Bring students to town - Parker
Christchurch will be little more than a "glossy rest-home" if the Government does not rethink its blueprint for the city, Mayor Bob Parker says.
In his first sweeping stand against the Government's central-city plans, Parker said he felt duty bound to speak out after growing "increasingly concerned" over wasted opportunities in the rebuild - particularly the lack of incentive for young people to stay.
Parker has called for an urgent forum with the Government, education leaders and the council to discuss bringing students back to the central city and preventing Christchurch from becoming a "sleepy hollow".
Current plans were not bold enough. The community's vision for the future had been "compromised away" in the Christchurch Central Development Unit (CCDU) blueprint, he said.
Combining the ageing population and the unprecedented number of young people leaving Christchurch, in about 20 years more than half of the city would be over the age of 65, Parker said.
"We are on a direct path at the moment to become New Zealand's most modern and attractive new rebuilt resthome."
One possible solution to the "age group crisis" was to relocate the University of Canterbury back inside the four avenues.
Despite the university's reluctance to shift, this was the most "grievously undercooked" opportunity in the rebuild.
Parker said he was speaking out now after seeing the young "creative energy" around re-opened businesses in High and St Asaph streets.
Many of his friends' children were also relocating to Wellington, Auckland and Sydney because Christchurch no longer catered for their needs.
Parker said he was not criticising the CCDU blueprint per se. The Government had delivered a safe and modern plan.
However, it had "diluted" the community-built design that was developed through the council's Share an Idea campaign.
"Share an Idea [has] all been overshadowed; first of all by the glamour of the CCDU plan but later by the arguments of who is going to sell what, you can't keep the Town Hall, you can keep the Town Hall," he said.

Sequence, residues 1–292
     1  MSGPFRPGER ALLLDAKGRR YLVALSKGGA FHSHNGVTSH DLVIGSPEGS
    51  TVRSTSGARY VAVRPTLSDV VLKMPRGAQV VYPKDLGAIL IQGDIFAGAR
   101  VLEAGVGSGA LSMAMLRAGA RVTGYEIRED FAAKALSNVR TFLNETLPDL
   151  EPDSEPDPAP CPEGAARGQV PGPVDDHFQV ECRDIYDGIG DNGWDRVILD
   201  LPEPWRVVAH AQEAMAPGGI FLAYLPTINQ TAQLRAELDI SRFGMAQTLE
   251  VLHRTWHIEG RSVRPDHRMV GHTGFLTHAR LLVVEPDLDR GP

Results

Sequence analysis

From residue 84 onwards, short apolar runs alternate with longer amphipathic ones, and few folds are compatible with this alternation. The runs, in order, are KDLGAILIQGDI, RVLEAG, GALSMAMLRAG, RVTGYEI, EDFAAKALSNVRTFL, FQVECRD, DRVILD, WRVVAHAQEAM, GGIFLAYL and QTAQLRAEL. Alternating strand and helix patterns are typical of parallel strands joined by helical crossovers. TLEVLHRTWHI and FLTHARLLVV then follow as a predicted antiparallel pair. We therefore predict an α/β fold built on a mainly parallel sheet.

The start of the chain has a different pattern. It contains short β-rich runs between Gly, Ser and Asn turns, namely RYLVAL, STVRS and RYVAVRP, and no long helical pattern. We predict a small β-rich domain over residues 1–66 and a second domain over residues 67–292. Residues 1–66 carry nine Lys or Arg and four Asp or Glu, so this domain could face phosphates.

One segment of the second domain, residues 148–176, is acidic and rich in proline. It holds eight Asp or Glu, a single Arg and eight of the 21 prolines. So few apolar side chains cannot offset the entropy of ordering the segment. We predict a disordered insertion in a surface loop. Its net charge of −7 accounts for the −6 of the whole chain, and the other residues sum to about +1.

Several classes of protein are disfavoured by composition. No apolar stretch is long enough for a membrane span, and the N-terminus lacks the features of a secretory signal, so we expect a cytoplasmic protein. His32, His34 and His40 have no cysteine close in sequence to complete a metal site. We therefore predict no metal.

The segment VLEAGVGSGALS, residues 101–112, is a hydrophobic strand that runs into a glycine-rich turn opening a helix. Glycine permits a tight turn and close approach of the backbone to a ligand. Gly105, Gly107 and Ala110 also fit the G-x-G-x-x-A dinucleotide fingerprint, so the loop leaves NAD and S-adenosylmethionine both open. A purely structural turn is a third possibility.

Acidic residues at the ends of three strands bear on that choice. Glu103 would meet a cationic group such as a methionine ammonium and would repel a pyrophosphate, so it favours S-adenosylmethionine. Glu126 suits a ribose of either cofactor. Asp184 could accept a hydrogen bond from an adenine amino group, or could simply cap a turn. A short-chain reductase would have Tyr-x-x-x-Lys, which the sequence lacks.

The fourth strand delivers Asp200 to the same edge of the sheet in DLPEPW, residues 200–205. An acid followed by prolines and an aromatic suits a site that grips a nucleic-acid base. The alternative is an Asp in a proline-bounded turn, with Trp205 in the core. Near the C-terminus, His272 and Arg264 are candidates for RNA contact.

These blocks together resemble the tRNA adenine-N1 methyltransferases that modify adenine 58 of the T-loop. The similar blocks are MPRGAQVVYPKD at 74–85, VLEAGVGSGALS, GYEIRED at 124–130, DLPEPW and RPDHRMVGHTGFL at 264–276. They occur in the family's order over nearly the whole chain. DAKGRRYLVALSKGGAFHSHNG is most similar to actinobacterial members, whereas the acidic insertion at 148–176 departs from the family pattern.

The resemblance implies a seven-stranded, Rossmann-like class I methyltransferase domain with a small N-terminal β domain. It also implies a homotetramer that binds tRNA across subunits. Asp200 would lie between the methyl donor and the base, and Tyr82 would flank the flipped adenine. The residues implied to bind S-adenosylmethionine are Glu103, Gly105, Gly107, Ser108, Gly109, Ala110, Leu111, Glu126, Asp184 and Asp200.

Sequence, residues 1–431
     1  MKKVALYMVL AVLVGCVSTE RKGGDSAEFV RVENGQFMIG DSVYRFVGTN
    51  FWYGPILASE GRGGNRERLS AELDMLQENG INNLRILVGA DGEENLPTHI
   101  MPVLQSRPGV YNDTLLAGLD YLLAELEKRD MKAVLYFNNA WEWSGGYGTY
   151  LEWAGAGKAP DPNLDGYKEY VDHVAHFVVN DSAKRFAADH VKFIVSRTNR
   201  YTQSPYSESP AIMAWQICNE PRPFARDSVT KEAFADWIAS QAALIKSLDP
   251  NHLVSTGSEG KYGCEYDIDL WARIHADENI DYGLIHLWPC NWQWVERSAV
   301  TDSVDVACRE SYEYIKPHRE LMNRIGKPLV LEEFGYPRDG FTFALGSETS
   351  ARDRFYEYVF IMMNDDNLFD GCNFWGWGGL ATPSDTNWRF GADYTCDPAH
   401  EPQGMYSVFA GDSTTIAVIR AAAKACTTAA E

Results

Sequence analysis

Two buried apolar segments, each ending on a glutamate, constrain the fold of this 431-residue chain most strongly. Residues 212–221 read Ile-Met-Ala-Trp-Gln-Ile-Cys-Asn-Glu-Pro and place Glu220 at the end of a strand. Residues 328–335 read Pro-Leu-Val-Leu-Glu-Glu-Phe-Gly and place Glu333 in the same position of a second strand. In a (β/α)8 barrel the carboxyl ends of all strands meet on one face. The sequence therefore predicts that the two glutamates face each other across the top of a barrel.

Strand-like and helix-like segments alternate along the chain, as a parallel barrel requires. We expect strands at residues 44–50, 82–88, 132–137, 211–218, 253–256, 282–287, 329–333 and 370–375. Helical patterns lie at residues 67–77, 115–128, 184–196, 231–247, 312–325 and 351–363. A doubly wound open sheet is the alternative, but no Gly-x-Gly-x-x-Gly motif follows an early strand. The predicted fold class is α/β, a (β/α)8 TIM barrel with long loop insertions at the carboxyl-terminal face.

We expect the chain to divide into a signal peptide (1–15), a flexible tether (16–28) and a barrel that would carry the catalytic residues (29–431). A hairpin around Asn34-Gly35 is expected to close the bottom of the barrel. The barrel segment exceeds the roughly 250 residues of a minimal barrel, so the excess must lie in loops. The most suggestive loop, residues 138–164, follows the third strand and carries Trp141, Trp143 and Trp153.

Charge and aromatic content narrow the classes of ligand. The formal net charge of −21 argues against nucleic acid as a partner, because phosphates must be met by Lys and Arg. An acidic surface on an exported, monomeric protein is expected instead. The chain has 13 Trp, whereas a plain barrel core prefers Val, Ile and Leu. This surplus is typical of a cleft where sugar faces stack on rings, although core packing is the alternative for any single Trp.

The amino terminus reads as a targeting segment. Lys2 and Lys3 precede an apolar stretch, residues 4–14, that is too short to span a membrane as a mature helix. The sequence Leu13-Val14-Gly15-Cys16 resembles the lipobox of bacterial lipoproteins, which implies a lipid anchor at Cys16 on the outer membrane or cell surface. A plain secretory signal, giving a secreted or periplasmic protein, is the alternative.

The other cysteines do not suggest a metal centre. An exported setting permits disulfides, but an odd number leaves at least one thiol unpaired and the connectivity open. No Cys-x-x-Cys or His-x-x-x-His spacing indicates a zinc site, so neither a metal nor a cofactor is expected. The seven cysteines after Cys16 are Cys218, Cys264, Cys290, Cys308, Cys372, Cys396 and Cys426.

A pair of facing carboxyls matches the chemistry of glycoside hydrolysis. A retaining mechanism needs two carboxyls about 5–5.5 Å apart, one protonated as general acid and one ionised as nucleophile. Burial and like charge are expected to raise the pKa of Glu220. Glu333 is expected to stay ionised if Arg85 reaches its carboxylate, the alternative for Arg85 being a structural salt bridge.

"We promised ourselves that we would rebuild something to honour the people we lost and that it would be the most beautiful city on earth."
Parker said it wasn't too late to build that dream city, but: "We have to be bold to get there."
Canterbury Earthquake Recovery Minister Gerry Brownlee told The Press he would talk to the mayor about his concerns.
Brownlee said every Western country in the world was facing an ageing population.
He said the "answer" to the demographic issue did not lie in the "structures you create . . . I think it's much more about the atmosphere you create".
More than half Christchurch's population predicted to hit retirement age in about two decades.
The increasing numbers of young people bleeding out of the city since the earthquakes.
There is nothing in the Government blueprint that will address the city's demographic problems or attract young people into Christchurch.
The blueprint is only recreating the same city rather than grasping the opportunity to rebuild something better.
The Government has not been bold enough in its plans.
The blueprint diluted the community's dream that was developed through the Share an Idea campaign.